Brits spent on average £641.90 on Christmas Using December Pay Checks or Credit Cards Last Year

Research from an online money saving and voucher code website has revealed that last year the average Brit spent £641.90 on ‘Christmas with all the trimmings’. They also found that the majority of people did a lot of their Christmas shopping in October and November putting the cost onto their credit cards, store cards and overdrafts.

Looking into how to help save consumers money in the run up to Christmas and so people can avoid getting themselves into debt, an online money saving and voucher code website My Voucher Codes surveyed 3,325 people in the UK to find out how much they spent on Christmas last year, when they started their Christmas shopping, and how they paid for it. They found that, on average, people spent £641.90. Women spent marginally more than men, £660.60, compared to the £625.70 that men spent. Also those aged between 45 and 54 spent the most, on average £759.30. This was considerably more than those aged 18 to 24 who spent just £360.20.

MyVoucherCodes also asked participants: “When did you buy most of your Christmas presents last year?” The results showed the majority of people did most of their Christmas shopping in October and November. The full results can be seen below:

  • Boxing Day sales of the previous year – 5%
  • First half of the year, January to June – 5%
  • Summer sales July to September – 8%
  • Around October/November – 40%
  • Early to mid-December – 27%
  • December 24th (Christmas Eve) – 15%

The research also revealed a huge 27% of people leave their shopping till the last minute in December, with 15% panic buying at the very last minute. Leaving shopping till the last minute can cost you more, especially if you panic buy. My Voucher Codes further asked the participants: “How did you pay for Christmas 2015?” The majority of respondents, 48%, relied on their pay checks, whilst 35% opted for credit cards. The full breakdown is below:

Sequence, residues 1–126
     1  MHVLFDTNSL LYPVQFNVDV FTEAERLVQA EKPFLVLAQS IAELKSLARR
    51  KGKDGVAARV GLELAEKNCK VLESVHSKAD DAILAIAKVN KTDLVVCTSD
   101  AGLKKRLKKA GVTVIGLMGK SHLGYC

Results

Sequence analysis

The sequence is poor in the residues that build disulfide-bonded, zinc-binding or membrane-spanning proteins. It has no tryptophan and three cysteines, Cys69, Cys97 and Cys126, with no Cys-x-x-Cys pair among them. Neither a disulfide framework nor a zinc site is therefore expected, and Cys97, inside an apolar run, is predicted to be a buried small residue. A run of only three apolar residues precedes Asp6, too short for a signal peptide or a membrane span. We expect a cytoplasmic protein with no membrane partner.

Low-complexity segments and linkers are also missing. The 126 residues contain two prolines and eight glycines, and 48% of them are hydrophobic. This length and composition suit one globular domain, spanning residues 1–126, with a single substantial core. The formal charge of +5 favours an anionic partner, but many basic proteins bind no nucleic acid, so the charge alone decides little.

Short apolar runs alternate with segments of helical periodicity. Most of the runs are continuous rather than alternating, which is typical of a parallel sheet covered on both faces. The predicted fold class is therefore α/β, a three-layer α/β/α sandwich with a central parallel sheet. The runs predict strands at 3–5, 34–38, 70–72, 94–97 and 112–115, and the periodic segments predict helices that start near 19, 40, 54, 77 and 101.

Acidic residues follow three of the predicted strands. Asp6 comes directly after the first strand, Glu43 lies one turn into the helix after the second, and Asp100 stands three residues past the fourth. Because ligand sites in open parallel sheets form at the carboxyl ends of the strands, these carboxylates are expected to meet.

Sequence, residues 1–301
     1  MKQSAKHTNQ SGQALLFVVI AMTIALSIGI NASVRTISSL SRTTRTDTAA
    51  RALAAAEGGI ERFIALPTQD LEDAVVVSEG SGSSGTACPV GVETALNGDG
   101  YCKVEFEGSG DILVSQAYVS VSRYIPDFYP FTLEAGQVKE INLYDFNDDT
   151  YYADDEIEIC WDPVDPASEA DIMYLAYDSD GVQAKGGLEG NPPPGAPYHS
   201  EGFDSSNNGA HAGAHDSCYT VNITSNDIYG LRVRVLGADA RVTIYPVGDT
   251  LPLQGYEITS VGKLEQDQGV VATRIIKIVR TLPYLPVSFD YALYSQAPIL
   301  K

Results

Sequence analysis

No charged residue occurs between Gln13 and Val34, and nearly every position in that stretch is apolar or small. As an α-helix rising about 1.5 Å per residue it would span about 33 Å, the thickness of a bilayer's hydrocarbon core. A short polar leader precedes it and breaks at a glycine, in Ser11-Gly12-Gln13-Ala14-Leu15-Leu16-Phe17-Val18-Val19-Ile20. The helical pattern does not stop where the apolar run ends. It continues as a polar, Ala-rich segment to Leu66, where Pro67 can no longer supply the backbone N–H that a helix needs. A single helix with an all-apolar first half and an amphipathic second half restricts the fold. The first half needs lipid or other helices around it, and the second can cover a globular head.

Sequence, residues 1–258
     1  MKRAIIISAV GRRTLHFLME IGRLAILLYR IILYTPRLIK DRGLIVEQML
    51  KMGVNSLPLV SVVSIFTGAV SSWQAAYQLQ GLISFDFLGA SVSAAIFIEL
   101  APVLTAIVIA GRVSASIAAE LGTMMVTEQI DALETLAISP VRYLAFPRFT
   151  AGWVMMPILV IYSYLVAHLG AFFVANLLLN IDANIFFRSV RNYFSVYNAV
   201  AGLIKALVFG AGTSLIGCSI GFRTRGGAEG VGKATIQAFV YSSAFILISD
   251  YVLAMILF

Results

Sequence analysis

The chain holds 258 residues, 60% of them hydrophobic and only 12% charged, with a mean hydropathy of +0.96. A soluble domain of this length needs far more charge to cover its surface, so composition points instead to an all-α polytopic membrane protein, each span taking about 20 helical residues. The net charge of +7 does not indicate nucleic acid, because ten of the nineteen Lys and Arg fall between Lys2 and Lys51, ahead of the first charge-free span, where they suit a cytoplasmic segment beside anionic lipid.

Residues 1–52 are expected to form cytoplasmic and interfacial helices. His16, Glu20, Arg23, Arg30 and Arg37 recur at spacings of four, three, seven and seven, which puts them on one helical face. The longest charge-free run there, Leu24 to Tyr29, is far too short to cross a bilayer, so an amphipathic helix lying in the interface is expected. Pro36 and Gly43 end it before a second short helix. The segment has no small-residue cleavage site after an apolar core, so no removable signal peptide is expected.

• Relying on paychecks – 48%
  • Using credit cards – 35%
  • Using arranged overdraft – 10%
  • Using a payday loan company – 5%
  • Borrowing from friends or family – 3%

Chris Reilly, General Manager of My Voucher Codes commented on the findings:

“We all know Christmas is an expensive time of year. There are plenty of ways to save money, but due to its continued commercialisation even the most prepared shopper can’t get away from spending. Leaving all your shopping till last minute isn’t good for your sanity, nor your wallet – it can leave you with large bills to face in January, a right Christmas hangover!“

He added:

“However you don’t have to get yourself into debt to be able to enjoy Christmas, there are other options available. Planning and preparation can help as well as starting early with saving and also breaking up your shopping for Christmas throughout the year.“

About John Malger